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Title: Aquablation in men with benign prostate hyperplasia: A systematic review and meta-analysis.
Austin Authors: Chen, David C;Qu, Liang G ;Webb, Howard;Qin, Kirby R ;Chislett, Bodie ;Xue, Alan;Khaleel, Sari;De Jesus Escano, Manuel;Chung, Eric;Adam, Ahmed;Bolton, Damien M ;Perera, Marlon 
Affiliation: Surgery (University of Melbourne)
Young Urology Researchers Organisation (YURO), Melbourne, Australia.
Urology Service, School of Medicine, University of Minnesota, Minneapolis, MN, USA.
Research Department, Universidad Iberoamericana, Santo Domingo, Dominican Republic.
Princess Alexandra Hospital, Woolloongabba, Brisbane, Australia.
Division of Urology, Department of Surgery, Faculty of Health Sciences, University of the Witwatersrand, School of Clinical Medicine, Johannesburg, South Africa.
Issue Date: Mar-2023
Date: 2022
Publication information: Current Urology 2023-03; 17(1)
Abstract: The aim of the study is to investigate improvements in lower urinary tract symptoms in men with benign prostatic hyperplasia (BPH) treated with prostatic Aquablation. We performed a literature search of clinical trials using the MEDLINE, Embase, and Cochrane Library databases and retrieved published works on Aquablation for the treatment of BPH up to August 2021. Unpublished works, case reports, conference proceedings, editorial comments, and letters were excluded. Risk of bias was assessed using the ROBINS-I tool. Raw means and mean differences were meta-analyzed to produce summary estimates for pre- versus post-International Prostate Symptom Scores, maximum flow rate, and male sexual health questionnaire value changes. An inverse-variance weighted random effects model was used. Seven studies were included in this review (n = 551 patients) that evaluated various urological parameters. At 3 months, the International Prostate Symptom Scores raw mean difference from baseline was -16.475 (95% confidence interval [CI], -15.264 to -17.686; p < 0.001), with improvements sustained for 12 months. Similarly, maximum flow rate improved by +1.96 (95% CI, 10.015 to 11.878; p < 0.001) from pre to 3 months postoperatively. In addition, the male sexual health questionnaire change pooled effect size was -0.55 (95% CI, -1.621 to 0.531; p = 0.321) from preintervention to postintervention at 3 months. Meta-analyses of some outcomes showed large statistical heterogeneity or evidence of publication bias. Aquablation seems to improve lower urinary tract symptoms in men with BPH while providing relatively preserved sexual function. Further research is required to confirm these preliminary results.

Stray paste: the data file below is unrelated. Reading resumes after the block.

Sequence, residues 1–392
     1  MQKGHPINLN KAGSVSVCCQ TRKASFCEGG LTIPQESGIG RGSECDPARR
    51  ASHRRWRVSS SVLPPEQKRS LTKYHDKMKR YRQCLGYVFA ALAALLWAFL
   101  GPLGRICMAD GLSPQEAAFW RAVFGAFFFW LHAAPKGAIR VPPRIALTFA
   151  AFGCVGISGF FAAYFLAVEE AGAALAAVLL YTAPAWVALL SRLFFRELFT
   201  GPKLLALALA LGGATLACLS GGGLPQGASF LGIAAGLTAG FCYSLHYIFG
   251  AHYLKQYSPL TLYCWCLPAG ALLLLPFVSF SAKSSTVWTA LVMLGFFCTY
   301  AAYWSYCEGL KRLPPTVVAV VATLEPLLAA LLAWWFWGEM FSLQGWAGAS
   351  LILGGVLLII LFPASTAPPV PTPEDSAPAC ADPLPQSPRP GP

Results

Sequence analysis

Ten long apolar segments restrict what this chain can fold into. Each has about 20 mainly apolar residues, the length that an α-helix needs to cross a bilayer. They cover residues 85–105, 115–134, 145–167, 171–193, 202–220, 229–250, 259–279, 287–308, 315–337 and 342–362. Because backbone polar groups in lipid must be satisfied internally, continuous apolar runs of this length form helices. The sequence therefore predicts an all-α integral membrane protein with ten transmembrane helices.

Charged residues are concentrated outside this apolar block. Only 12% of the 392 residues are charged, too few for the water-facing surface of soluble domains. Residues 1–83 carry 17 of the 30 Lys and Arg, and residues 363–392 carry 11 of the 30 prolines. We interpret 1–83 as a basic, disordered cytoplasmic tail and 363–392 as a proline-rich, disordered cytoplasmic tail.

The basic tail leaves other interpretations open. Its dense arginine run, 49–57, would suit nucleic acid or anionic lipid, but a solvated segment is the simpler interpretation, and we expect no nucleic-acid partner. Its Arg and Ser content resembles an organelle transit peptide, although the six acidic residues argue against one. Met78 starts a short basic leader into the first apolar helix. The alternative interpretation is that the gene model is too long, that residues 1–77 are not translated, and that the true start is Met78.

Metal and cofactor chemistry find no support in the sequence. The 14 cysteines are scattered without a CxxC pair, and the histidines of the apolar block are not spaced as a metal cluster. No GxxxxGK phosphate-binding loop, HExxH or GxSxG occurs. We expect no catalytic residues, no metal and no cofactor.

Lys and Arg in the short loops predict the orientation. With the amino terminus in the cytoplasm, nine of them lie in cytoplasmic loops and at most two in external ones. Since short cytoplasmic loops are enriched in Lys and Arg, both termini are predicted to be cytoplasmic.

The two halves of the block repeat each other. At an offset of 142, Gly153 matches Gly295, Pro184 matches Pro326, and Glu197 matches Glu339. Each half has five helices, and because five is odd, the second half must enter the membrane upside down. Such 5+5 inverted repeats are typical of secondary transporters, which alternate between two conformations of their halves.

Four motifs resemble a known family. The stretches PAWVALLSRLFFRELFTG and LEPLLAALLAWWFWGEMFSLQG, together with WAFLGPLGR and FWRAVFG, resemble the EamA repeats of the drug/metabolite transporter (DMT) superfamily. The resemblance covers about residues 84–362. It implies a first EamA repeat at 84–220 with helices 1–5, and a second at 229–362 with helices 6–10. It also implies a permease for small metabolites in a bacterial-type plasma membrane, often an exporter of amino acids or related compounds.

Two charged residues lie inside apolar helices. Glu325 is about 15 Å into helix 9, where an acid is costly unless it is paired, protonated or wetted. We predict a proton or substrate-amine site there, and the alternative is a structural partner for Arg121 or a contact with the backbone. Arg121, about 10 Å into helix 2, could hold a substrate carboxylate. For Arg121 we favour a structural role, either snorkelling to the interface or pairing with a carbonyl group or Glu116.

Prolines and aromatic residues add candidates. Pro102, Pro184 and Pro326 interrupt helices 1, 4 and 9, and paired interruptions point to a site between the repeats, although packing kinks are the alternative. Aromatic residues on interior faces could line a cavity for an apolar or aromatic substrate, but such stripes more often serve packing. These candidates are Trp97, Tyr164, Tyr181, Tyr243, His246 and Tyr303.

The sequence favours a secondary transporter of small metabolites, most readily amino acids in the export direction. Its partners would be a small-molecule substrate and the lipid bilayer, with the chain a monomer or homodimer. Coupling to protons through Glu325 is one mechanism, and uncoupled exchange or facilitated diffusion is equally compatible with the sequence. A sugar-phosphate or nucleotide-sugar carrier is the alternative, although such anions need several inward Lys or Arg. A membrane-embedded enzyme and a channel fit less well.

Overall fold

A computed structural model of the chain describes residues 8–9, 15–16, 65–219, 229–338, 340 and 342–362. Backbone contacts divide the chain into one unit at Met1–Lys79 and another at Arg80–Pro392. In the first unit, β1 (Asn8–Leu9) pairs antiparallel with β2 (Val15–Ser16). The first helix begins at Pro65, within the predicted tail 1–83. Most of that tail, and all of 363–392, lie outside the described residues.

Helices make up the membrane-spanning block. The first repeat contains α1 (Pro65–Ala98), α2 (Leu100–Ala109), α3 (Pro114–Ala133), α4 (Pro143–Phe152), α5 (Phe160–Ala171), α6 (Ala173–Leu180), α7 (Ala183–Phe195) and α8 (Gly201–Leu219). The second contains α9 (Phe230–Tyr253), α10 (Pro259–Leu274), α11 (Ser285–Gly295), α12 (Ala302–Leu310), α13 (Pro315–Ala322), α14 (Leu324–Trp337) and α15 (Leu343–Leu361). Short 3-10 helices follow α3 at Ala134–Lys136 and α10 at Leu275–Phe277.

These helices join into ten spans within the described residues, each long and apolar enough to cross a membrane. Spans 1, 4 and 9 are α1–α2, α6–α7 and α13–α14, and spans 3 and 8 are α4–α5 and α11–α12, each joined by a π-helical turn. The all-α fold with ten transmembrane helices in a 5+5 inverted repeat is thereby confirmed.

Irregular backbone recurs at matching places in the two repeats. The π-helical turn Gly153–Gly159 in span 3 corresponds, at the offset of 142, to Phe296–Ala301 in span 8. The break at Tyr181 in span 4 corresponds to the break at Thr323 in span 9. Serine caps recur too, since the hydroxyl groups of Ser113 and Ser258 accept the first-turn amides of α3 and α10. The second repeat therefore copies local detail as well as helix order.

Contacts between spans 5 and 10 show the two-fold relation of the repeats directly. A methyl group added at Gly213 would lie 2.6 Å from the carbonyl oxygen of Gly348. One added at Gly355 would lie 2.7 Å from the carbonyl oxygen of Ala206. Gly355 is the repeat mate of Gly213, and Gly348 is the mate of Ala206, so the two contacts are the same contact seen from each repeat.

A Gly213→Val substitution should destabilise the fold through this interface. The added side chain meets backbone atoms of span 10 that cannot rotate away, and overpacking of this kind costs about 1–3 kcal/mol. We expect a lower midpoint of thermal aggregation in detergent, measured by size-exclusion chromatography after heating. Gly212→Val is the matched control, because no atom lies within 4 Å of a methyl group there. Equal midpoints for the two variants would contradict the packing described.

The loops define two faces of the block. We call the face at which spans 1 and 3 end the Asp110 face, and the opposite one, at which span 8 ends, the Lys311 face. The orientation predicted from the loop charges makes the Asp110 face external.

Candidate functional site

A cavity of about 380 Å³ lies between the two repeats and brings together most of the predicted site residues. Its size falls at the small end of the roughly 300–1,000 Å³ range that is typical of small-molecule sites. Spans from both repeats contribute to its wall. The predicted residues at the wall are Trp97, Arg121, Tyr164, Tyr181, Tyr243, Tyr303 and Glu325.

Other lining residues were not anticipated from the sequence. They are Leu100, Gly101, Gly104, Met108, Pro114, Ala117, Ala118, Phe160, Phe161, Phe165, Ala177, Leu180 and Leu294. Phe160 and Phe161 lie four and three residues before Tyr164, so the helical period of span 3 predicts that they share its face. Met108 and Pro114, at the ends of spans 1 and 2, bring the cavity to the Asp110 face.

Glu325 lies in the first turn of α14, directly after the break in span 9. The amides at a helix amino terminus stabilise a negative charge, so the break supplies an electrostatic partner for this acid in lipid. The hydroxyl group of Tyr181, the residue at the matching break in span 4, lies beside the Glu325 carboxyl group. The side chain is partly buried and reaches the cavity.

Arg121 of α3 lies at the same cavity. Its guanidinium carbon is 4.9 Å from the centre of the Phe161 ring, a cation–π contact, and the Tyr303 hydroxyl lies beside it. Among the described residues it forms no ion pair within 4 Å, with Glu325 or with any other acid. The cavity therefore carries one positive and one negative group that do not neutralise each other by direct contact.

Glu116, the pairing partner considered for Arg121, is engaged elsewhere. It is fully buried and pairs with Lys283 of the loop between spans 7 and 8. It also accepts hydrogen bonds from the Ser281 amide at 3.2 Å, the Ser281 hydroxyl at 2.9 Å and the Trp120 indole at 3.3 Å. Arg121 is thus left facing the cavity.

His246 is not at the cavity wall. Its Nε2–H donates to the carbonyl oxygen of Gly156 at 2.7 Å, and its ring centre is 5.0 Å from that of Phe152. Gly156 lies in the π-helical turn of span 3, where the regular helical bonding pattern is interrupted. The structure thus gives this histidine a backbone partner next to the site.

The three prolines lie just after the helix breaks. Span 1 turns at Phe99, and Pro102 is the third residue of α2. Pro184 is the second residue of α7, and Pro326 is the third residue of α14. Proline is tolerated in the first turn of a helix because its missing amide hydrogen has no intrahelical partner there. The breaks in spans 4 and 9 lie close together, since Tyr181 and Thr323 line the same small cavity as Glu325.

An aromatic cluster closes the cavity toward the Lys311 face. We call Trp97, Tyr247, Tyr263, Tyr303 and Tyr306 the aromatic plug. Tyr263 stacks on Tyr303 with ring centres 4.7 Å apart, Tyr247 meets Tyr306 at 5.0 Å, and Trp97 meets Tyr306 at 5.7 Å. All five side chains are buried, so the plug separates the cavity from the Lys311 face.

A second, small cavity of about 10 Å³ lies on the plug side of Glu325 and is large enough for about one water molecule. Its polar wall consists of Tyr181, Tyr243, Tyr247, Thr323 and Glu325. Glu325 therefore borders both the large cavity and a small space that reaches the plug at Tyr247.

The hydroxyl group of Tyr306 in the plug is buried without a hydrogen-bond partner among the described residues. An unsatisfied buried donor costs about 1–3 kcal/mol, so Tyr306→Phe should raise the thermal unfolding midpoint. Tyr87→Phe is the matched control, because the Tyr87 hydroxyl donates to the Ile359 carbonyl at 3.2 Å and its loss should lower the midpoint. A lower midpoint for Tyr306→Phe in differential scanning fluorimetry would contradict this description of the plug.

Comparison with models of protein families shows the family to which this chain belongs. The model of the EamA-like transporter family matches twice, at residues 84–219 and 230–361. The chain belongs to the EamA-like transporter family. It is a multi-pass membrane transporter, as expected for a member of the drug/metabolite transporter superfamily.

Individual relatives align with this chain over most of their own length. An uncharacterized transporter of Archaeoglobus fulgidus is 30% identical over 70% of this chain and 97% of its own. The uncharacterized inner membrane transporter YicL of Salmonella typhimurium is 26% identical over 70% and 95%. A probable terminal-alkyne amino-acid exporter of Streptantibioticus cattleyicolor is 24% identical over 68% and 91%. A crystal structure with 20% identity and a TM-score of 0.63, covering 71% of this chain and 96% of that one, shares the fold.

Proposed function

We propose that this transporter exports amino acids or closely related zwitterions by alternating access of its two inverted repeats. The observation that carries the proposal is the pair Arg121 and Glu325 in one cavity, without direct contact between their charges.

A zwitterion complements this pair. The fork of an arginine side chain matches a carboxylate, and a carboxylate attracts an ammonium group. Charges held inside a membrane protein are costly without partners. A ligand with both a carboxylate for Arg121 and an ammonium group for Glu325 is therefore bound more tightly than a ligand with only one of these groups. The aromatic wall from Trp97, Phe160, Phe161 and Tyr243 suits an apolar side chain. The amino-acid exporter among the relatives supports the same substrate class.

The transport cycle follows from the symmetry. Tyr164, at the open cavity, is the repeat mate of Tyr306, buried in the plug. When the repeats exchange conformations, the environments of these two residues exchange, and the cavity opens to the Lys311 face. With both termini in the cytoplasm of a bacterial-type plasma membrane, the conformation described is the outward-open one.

DOI: 10.1097/CU9.0000000000000122
Journal: Current Urology
Start page: 68
End page: 76
PubMed URL: 37692142
Type: Journal Article
Subjects: Aquablation
Benign prostatic hyperplasia
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